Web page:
Rand is NOT a Fascist! Jeez!

Jim Jaszewski ab975 at main.freenet.hamilton.on.ca
Sat Jun 24 14:50:58 MDT 1995

On Sat, 24 Jun 1995, Chris M. Sciabarra wrote:

> On Sat, 24 Jun 1995, Seamus Malone wrote:
> > Rand was an apologist for fascism. I'm not sure I see the difference.
> 	I realize that I've had to defend this view before, so I
> apologize to those participants here, who may be a little tired of even
> seeing the name Ayn Rand on a Marxist board.  Nevertheless, Rand was not
> a fascist, nor was she an apologist for fascism.  Considering that
> Mussolini's government banned Alessandrini's film version of her novel,
> "We the Living," and that the Nazis stopped the film from entering
> Germany, it is fairly clear that even the fascists saw her
> "anticommunist" stance as one against all forms of authoritarian
> statism.

	This may be where we differ on 'semantics':

	Simply being an enemy of the Nazis is no proof that one is not
himself a fascist, or will not later slide into it.

	The post WWII world is FULL of people who fought the Nazis, but
who I would characterize as being just as fascistic as them. I tend to
believe that it is simple nationalism -- not democratic sensibilities --
which pitted them against their ideological brethren, their protestations
aside. Hell, even capitalists go to war against each other -- except when
they have a common foe (guess who?)

  Alessandrini's film was originally produced as an anticommunist
> propaganda film.

	You'd have a hard time convincing me that most 'anti-communists',
and ALL anti-communists who engage in propaganda, aren't out-and-out
fascists -- or, to paraphrase a local Toronto fascist journalist (WACL
member), 'crypto-fascists'.

  The rights were stolen and the film was produced
> without Rand's permission.  Nevertheless, it was very faithful to the
> novel, and won several awards in 1943 at the Venice Film Festival.  The
> Mussolini government, however, was made uncomfortable by the fact that
> the film was being cheered by Italian moviegoers.  They eventually
> suppressed the film because of its explicit antiauthoritarianism.

	Anti-authoritarianism, or obtuse libertarianism??

> Rand opposed fascism, and was one of the most radical theorists on the
> libertarian right in her critique of American neofascism.

	She may have 'opposed' the _explicitly_ fascist opponents of the
Western governments (I wouldn't know, but after all, she was obviously
smart enuff to know which side her bread was buttered on), but that
doesn't mean her 'critique' of U.S. neofascism wasn't an INTERNAL one.

	Since I don't KNOW what she said about her buddies, if others here
aren't sick of it by now, I'd kinda like to hear just what it was she DID

  She saw big
> business as the architects of American statism, opposed U. S. entry into
> Korea and Vietnam,

	On moral grounds, I'm sure...

 opposed the draft, was pro-choice on the issue of
> abortion, and was a militant atheist.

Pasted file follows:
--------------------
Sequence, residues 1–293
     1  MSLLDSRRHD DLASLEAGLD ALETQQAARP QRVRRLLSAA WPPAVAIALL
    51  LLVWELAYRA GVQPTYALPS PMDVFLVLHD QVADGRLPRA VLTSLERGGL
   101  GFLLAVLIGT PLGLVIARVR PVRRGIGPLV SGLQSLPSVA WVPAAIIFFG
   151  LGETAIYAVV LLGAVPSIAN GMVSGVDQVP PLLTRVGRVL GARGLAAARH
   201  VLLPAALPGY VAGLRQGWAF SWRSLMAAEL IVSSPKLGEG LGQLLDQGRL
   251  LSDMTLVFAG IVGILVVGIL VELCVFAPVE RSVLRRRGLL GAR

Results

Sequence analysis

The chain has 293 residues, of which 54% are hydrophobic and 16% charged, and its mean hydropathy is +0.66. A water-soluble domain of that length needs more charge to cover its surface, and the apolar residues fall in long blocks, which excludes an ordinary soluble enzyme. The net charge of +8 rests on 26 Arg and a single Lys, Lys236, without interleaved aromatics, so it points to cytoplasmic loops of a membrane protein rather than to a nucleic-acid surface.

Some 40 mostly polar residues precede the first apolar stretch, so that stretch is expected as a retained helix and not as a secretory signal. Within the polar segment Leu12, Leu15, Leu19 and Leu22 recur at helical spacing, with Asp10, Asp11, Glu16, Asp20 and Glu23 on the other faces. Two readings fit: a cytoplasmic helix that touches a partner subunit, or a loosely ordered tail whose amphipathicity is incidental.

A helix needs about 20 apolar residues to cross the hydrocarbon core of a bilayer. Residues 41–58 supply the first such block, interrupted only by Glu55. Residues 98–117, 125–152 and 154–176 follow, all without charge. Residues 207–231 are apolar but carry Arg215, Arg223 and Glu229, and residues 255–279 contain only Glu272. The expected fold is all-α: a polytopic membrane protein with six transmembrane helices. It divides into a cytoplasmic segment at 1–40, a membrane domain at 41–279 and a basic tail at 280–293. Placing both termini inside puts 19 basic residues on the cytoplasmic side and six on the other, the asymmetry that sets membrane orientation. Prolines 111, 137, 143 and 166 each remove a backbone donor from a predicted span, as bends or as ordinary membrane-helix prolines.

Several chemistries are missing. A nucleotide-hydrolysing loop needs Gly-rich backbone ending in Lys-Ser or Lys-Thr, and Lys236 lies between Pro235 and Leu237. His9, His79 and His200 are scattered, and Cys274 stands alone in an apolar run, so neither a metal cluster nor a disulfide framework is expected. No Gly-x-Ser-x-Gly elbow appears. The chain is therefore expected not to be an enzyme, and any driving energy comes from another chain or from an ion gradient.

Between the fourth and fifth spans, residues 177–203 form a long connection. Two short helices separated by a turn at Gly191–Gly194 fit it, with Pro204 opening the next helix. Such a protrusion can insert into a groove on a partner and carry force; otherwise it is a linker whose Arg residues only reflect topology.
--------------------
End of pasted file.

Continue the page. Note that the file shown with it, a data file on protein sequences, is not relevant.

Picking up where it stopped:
Ya, ya, we all know she was a strange fish...

  I find it difficult to believe
> that anyone can call her fascistic, simply because she was an advocate of
> capitalism, "the unknown ideal."

	I call her a fascist because of the company she kept, and because
of her bizarre philosophy (what I know of 'Objectivism'), which leads
naturaly(?) to this worship of a 'dynamic leader' type who 'keeps the
trains running on time' (Gee... where have we seen THIS before..!!)

  And given the fact that she was
> educated at the University of Leningrad under the Hegelian neo-idealist,
> N. O. Lossky, she absorbed a highly dialectical mode of inquiry which
> affected both her literary and philosophic project.

	So what??  I think Nello could tell you better than I how the
fascists in the P2 Masonic Lodge in Italia used EXPLICITLY marxist
techniques to develop their 'strategy of tension' terrorism.

	To me it's akin to eating the brains of your vanquished foe, or
other ritual cannibalism, or even just taking victory 'souvenirs' from the
cooling corpse. It's like saying that the use of Scots bagpipes in the
rituals of British imperialism shows their great respect for the Scottish

  I cover all of this
> in my forthcoming Penn State volume (to be released this August),

	Wasn't she a Balt?

  I think the volume will
> appeal to many on the left simply because it offers a celebration of
> dialectical method.  It reconstructs a lost world of Russian intellectual
> history, and relates Rand to Marx, Hegel, Fromm, Habermas, and many
> others on the Left.  The book challenges Rand's "cultic" following and
> her critics as well, to reevaluate her place in the history of social
> thought.

	A Sisyphean effort I'm sure...

  Moreover, I think those on the left will be surprised to see
> just how closely Rand's critique of contemporary power relations mirrors
> the Marxian perspective, taking the notion of the master-slave duality to
> heights that would make a Hegelian proud.

	Capitalism tries to absorb All...


   Jim Jaszewski   <jazz at freenet.hamilton.on.ca>

   WWW homepage:   <http://www.freenet.hamilton.on.ca/~ab975/Profile.html>


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